better to buy your greens at the salad bar.
13. If you juice regularly, feed some of the pulp to your
pets mixed in with their other food, it adds a lot of
bulk/fiber to their diet, helps them to feel full but
doesn't stuff them with calories and fat. You can also put
some of your pulp into salad, carrot pulp is especially good
for this. Pulp is also a great addition to dehydrated
crackers.  There's even a recipe for carrot cake in my
book, The Raw Gourmet that calls for 6 cups of carrot pulp.
14. Take the time now to learn as much as you can about
local foraging. Unless you live in the high desert, there is
almost always edible food in the woods and fields around
you, probably even in your yard. A good illustrated book is
helpful, I like Edible Wild Plants, by Thomas Elias and
Peter Dykeman, and there are many others. Try to find a book
that specializes in your geographical area.
See if you can locate a master herbalist in your area that
specializes in wild edible foods. Get a group of friends
together and learn how to forage in your area. This is great
fun for the whole family, can supplement your purchased food,
and even save your life in times of crisis. 
My favorite season for foraging is fall,  grapes are
plentiful as well as dandelion, plantain and rocket.  When I
lived in Sedona AZ, all of winter and spring I picked
bowls-full of mustard greens on my daily walks near my home
Later in the season, I picked the yellow blossoms from the
mustard plants. And, even when the heat of summer began I
could still find mustard greens in the shade and along
streams. Over half of my greens intake for several months of
the year was foraged mustard. Perhaps it is my imagination,
but I notice higher energy levels when I eat foraged greens
rather than store bought ones.
Now that I live in Southern California I am able to find four or
more identifiable foods during each season. They include things
like: malva, nasturtium, miners lettuce, Lamb's Quarters, stinging
nettle, anise (stalk, flowers, seeds and root) and  plantain. My land
(a raw fooders dream come late in life and a work in progress) also
has 2 Tangerine trees, a navel orange tree and two avocado trees.
I have room for many more trees and have plans for that when I can.
If you too live in an area where there are many fruit trees, have you
noticed how many people just let them rot and fall from the tree?
Ring their doorbell! Ask if you can pick the fruit from their trees! I often
pick up fallen fruit from the road (citrus and avocados) I wash it very
thoroughly and it tastes all the sweeter being free.
Did you know that all pine needles are edible? To chew or make up
a tea, as is their innner bark, you can make a flour from it. And cat-tails?
You can use their pollen for flour, and their stalks are edible as well as
their 'tail' in certain seasons, foraging books tell you how to prepare them
as many 'foragables' must be cooked.
When I lived overlooking a pond on Cape Cod in Massachusetts, I
found out that all those lily pads that covered the pond in summer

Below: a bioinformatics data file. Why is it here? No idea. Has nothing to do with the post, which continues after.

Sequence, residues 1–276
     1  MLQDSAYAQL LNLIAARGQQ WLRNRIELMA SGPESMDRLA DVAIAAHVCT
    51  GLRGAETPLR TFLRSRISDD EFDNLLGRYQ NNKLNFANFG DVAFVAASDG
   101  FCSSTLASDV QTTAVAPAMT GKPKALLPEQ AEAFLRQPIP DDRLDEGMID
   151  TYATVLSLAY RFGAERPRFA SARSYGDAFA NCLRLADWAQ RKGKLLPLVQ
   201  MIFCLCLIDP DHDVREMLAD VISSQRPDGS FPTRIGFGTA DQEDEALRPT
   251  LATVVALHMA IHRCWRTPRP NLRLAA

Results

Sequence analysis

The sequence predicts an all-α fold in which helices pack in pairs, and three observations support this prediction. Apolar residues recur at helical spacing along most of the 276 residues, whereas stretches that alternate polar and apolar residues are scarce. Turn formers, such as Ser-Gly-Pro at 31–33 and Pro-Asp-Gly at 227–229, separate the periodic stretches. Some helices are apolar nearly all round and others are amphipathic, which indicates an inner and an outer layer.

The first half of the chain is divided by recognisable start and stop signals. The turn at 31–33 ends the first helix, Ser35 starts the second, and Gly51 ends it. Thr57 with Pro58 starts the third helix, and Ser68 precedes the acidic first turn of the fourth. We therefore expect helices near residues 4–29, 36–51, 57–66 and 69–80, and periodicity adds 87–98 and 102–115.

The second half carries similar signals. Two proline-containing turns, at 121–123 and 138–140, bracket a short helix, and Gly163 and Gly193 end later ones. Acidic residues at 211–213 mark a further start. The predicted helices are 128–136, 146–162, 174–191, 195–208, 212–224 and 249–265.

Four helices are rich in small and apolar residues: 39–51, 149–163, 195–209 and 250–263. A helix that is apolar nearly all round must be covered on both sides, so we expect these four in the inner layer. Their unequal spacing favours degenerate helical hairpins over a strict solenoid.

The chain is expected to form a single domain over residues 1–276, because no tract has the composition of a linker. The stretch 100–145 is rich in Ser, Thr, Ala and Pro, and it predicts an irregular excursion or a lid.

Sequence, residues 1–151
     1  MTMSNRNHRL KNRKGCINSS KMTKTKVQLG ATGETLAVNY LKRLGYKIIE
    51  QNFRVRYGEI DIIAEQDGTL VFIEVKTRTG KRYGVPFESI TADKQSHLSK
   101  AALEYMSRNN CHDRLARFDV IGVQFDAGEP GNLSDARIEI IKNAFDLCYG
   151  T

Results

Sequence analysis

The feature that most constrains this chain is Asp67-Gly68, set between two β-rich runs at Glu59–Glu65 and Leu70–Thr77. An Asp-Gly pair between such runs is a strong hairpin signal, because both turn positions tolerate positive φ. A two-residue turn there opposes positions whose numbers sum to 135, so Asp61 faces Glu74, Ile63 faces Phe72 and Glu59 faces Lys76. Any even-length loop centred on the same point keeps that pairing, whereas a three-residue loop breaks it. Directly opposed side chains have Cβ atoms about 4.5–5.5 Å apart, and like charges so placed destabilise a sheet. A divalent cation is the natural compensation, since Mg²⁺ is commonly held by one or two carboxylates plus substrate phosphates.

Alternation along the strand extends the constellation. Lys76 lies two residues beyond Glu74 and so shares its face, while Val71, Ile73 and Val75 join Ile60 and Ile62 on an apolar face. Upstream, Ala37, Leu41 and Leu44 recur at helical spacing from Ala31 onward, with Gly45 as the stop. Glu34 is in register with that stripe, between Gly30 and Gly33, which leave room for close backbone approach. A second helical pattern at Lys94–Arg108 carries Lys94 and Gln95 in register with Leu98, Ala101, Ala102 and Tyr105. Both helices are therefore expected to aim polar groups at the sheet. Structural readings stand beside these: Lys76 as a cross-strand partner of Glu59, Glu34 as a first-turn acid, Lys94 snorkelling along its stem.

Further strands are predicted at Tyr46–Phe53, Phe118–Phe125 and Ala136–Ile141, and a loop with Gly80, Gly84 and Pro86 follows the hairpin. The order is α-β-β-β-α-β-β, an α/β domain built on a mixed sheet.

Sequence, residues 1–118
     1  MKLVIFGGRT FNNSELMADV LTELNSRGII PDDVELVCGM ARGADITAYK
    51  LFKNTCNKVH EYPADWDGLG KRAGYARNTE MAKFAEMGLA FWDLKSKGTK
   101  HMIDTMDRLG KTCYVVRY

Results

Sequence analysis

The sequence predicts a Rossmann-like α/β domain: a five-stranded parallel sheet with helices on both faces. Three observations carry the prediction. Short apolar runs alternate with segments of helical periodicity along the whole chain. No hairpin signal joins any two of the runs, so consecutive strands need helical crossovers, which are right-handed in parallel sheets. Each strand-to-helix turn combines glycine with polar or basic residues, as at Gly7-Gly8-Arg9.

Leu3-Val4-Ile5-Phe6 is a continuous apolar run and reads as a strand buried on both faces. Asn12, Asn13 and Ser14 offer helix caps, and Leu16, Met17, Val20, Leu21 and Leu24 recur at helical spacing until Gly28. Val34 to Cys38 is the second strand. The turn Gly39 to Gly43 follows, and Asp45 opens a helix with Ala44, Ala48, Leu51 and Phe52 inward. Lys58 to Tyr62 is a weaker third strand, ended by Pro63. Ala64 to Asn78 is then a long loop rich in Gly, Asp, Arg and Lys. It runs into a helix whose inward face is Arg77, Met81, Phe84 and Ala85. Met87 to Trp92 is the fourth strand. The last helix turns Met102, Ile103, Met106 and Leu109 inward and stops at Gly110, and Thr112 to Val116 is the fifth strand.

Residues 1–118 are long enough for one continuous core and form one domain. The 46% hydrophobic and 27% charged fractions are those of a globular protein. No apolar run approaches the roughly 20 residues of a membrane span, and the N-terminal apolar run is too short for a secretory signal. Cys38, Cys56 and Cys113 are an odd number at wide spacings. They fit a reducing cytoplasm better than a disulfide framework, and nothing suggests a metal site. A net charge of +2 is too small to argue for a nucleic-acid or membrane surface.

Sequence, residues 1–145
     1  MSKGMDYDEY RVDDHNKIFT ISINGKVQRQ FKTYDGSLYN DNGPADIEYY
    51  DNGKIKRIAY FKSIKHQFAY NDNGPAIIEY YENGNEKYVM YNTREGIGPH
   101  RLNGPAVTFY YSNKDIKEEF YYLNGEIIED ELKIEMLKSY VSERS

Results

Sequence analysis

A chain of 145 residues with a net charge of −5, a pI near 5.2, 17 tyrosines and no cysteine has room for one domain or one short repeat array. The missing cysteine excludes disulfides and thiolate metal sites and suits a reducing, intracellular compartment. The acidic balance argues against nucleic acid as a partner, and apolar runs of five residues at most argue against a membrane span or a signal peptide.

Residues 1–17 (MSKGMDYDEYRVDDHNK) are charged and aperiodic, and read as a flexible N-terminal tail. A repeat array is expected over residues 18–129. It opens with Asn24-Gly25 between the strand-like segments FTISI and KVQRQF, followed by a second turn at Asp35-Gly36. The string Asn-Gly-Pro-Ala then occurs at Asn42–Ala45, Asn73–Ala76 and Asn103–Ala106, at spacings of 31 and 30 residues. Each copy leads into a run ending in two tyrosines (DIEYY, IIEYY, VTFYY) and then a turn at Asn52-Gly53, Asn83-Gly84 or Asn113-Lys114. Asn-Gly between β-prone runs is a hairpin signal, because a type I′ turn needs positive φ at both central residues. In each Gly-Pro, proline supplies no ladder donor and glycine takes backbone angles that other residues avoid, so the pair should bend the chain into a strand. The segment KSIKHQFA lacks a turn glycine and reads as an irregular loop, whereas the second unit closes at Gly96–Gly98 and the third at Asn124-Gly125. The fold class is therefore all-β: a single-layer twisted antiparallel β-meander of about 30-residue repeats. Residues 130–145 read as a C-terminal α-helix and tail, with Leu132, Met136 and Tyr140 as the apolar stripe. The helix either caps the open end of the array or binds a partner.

had edible tubers one could dive for under the ice in winter and cook
up like a potato. I didn't try that but it was comforting to know I had
an enormous food supply if I truly needed it.
If you are lucky enough to live near woods, spring and summer
will offer up quite a bounty. While there are ways to discover
for yourself if something is edible, save that for emergencies
and buy some good foraging books or get some from the library.
This kind of information doesn't go out of style so you may find
some great books in vintage book stores as well.
To me, knowing at least the basics about foraging, being
able to identify 4 or 5 or more edibles in your own area for
each season is like insurance. For now, it is fun to find it and
eat it as you go or bring it home to supplement what you buy.
But also if, heaven forbid, there were a true catastrophe and
there were no food to buy, wouldn't you feel better if you knew
you could survive because you knew where you could find edible food?
(Especially if you have some non-perishable food put aside to 
combine with any fresh food you can find,  like quinoa, non wheat
pasta, well-dehydrated crackers, etc.)
There is even a lot available to eat in the cold of winter if you know
where to look for it. Peace of mind is such a good thing, don't you
15. It is extremely economical to grow your own sprouts, not
just the jar-grown variety but the type grown in soil in
nursery flats or cafeteria trays. The most highly nutritious
sprouts are soil grown sunflower and buckwheat. If you
decide to soil sprout at home, consider also growing baby
lettuce greens at the same time. Other delicious sprouts to
grow include: cabbage, turnip, peas, radish, mustard,
spinach, kale and Fenugreek.. My book, The Raw Gourmet
has general instructions and growing charts.
I recommend The Sprout Garden by Mark Braunstein for more
in- depth sprouting information. By growing soil grown sunflower,
buckwheat, pea and other sprouts at home, you are getting the
very best food known to man in the least expensive way possible.
It will cost you only pennies for a pound of high protein, high
chlorophyll, high vitamin, high mineral and high enzyme food.
If you are interested in preparing sprouts for survival purposes, you
will need to store soil, flats, seeds and any other equipment you
may need for your crops. And water. Or, look into the various types